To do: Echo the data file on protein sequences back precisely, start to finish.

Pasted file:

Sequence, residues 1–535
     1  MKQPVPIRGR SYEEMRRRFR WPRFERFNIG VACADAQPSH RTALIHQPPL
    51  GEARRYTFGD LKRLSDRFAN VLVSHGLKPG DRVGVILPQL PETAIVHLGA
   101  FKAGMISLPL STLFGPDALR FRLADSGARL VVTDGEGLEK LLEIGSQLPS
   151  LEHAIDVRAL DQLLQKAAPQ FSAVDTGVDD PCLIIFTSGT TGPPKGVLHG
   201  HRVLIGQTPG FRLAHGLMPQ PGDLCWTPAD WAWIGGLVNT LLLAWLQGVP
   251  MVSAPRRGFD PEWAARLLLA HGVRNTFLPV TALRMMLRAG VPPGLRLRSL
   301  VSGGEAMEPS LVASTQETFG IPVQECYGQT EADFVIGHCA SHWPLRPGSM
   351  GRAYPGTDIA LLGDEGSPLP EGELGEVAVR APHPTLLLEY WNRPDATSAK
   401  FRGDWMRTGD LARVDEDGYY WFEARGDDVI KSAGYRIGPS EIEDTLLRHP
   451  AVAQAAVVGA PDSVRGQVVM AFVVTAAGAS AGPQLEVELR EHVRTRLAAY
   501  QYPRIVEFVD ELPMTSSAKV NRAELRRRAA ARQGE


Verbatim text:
Sequence, residues 1–535
     1  MKQPVPIRGR SYEEMRRRFR WPRFERFNIG VACADAQPSH RTALIHQPPL
    51  GEARRYTFGD LKRLSDRFAN VLVSHGLKPG DRVGVILPQL PETAIVHLGA
   101  FKAGMISLPL STLFGPDALR FRLADSGARL VVTDGEGLEK LLEIGSQLPS
   151  LEHAIDVRAL DQLLQKAAPQ FSAVDTGVDD PCLIIFTSGT TGPPKGVLHG
   201  HRVLIGQTPG FRLAHGLMPQ PGDLCWTPAD WAWIGGLVNT LLLAWLQGVP
   251  MVSAPRRGFD PEWAARLLLA HGVRNTFLPV TALRMMLRAG VPPGLRLRSL
   301  VSGGEAMEPS LVASTQETFG IPVQECYGQT EADFVIGHCA SHWPLRPGSM
   351  GRAYPGTDIA LLGDEGSPLP EGELGEVAVR APHPTLLLEY WNRPDATSAK
   401  FRGDWMRTGD LARVDEDGYY WFEARGDDVI KSAGYRIGPS EIEDTLLRHP
   451  AVAQAAVVGA PDSVRGQVVM AFVVTAAGAS AGPQLEVELR EHVRTRLAAY
   501  QYPRIVEFVD ELPMTSSAKV NRAELRRRAA ARQGE